- The Washington Times - Sunday, January 25, 2015

A hard-fought battle is being waged for the allegiance of young Americans on abortion, and pro-life leaders see fresh signs of hope that Roe v. Wade won’t survive the millennial generation.

Decades ago, there seemed to be no hope for the pro-life movement, yet thanks to the persistence of some pro-life leaders and development of technologies that show “the reality of the beautiful human life of the child in the womb,” the tide is turning toward pro-life, Princeton University law professor Robert P. George told about 2,000 attendees Friday at a conference of Students for Life of America.

“I see the future, and you are it,” said Mr. George, who was honored with the SFLA 2015 Defender of Life award.

The pro-life supporters were urged to stay visible, stay active and stay hopeful at the Maryland event the day after the March for Life.

“When you speak, people listen,” said Kristan Hawkins, president of Students for Life of America, which has more than 800 pro-life student groups on college campuses and in high schools.

Its annual conference — the 28th this year — is the largest pro-life youth conference in the United States, organizers said. Due to demand — SFLA has more than 100 pro-life campus groups in California — a second conference for students was held Sunday in San Francisco.

The conferences are intended to provide young adults with education, training and connections with pro-life groups and national leaders “who all know just how vital this pro-life generation is to abolishing abortion in our lifetime,” SFLA leaders said.

Abortion rights groups have been traveling to campuses and communities as part of a campaign called “All Above All” to bring their messages to young adults.

Pro-choice leaders also point to polls that show that most Americans — 70 percent — do not want to see the 1973 Roe v. Wade and Doe v. Bolton rulings, which legalized abortion in the nation, overturned. They maintain that legal abortion is now a fact of life, and that one in three women will seek the procedure at least once in their life.

But pro-life leaders cite fresh polling data from Marist College in New York as more evidence that most young Americans do not favor abortion and will not sustain the status quo. According to SFLA, the Marist poll data on millennials shows that 59 percent think abortion is “morally wrong,” 58 percent think abortion “does more harm than good,” and 64 percent think the abortion rate is “higher than it should be.”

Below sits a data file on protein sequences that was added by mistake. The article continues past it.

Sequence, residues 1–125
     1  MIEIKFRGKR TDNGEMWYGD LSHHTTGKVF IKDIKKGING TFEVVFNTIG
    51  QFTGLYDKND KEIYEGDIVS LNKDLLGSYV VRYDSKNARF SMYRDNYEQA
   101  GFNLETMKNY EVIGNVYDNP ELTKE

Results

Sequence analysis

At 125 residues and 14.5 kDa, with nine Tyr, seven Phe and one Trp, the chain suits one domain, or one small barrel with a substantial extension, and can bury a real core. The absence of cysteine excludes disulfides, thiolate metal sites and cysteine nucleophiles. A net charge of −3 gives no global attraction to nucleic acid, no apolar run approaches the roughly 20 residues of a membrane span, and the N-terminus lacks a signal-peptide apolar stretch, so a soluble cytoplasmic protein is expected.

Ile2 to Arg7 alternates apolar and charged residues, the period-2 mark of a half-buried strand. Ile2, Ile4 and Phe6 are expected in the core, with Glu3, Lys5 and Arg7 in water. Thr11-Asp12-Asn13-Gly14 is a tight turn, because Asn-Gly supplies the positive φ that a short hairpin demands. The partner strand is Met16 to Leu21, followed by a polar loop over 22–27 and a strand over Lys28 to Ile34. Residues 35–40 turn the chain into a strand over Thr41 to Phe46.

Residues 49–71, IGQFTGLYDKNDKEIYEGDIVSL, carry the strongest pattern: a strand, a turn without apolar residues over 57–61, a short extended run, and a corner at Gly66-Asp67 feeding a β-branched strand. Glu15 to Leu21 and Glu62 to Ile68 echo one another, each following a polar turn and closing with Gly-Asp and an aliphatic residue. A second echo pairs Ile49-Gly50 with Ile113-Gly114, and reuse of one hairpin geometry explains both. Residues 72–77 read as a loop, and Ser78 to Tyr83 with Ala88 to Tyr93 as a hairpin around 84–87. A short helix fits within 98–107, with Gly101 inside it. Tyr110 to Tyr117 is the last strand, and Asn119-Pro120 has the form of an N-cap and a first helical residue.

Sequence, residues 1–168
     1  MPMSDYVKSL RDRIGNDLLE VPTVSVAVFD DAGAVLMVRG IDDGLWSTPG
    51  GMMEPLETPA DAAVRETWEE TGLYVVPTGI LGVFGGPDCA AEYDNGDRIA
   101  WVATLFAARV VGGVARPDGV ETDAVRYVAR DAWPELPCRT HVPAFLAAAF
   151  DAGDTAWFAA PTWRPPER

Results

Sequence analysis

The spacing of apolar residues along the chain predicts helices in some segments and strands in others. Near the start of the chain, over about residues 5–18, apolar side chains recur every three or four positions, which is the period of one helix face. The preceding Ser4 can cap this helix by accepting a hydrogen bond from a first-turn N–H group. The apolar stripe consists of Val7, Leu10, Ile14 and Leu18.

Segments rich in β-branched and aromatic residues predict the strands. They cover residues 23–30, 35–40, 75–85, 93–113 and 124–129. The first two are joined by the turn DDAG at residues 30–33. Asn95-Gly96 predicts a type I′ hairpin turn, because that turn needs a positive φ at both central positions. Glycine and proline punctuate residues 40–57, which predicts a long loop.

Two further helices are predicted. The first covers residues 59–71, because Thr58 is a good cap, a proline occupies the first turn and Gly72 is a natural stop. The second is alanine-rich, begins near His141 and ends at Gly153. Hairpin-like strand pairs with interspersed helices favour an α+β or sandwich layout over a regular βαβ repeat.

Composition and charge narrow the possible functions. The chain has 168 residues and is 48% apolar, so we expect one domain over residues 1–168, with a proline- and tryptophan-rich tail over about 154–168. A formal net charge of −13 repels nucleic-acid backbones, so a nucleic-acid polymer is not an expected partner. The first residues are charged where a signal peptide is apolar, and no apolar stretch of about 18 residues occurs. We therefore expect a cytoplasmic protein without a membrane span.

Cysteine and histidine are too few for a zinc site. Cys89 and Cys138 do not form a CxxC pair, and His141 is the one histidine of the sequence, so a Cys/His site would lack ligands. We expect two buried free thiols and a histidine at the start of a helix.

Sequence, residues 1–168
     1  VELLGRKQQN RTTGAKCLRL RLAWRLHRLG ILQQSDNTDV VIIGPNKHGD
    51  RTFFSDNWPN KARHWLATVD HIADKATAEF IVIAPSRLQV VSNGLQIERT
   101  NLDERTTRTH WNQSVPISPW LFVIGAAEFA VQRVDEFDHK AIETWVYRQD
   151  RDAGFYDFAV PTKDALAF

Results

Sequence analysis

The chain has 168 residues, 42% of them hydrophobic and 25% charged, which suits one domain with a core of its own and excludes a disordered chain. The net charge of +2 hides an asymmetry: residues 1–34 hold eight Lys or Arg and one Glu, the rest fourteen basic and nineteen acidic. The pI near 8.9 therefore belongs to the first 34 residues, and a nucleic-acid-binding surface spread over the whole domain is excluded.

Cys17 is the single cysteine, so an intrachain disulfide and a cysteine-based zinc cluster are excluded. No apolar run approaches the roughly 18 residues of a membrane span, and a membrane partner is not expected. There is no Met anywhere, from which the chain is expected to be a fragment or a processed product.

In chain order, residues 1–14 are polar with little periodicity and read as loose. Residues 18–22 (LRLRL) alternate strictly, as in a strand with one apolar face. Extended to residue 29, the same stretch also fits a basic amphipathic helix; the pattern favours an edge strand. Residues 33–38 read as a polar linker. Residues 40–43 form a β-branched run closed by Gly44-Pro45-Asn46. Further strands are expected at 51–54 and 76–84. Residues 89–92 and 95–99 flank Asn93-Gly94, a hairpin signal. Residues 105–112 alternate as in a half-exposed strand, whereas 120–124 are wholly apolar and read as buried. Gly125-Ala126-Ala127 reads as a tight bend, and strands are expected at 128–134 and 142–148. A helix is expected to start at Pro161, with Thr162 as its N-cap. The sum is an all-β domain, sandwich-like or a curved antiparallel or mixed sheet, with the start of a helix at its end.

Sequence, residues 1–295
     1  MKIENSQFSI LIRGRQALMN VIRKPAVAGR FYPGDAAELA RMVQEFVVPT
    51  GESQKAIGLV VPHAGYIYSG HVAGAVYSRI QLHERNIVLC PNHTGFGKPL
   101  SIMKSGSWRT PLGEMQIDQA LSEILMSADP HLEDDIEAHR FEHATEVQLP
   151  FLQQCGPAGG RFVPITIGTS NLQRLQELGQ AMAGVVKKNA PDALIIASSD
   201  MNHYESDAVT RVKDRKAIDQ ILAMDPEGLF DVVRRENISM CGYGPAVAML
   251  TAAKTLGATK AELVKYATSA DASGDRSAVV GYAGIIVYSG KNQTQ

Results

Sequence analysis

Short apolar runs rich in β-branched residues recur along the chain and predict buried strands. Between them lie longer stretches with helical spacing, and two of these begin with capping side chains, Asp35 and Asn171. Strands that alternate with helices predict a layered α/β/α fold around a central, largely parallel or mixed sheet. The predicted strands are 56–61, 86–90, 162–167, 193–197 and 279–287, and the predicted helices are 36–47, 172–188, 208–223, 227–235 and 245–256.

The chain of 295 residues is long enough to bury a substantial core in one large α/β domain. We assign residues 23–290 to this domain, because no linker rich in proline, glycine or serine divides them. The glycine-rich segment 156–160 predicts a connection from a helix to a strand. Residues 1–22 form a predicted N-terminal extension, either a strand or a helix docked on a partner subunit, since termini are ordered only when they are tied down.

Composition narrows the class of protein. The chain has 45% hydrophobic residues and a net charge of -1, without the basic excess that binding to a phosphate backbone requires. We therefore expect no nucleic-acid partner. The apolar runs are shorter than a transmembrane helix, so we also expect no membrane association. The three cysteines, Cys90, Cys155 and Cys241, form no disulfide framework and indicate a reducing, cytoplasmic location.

Singling out a young man in the audience, Mr. George said he especially liked his T-shirt because it said: “I survived Roe v. Wade. But Roe v. Wade won’t survive me.”

Mrs. Hawkins evoked cheers from the crowd gathered at First Baptist Church of Glenarden in Upper Marlboro when she recapped some events from Thursday’s March for Life, which drew hundreds of thousands of marchers.

The actions of a group of abortion rights protesters — who blocked the massive march for about 40 minutes until some of its leaders were arrested by U.S. Capitol Police — seemed a bit desperate, she said.

After all, “about 500,000 young people were about to mow you down. With love — mow you down with love!” she said with a laugh.

She also described the powerful impact that she and some 60 young people had when they went to Capitol Hill after the march to make sure certain members of Congress could see for themselves that many millennials are strongly pro-life, and passing pro-life laws will not alienate America’s youth.

“Injustice only thrives in the dark,” Mrs. Hawkins told the crowd.

Conference speakers included Lila Rose, founder of Live Action, which captures activities in abortion clinics through undercover videos, and Abby Johnson, a former Planned Parenthood clinic manager who founded And Then There Were None, a ministry to help abortion clinic staff leave their jobs or make peace with their past.

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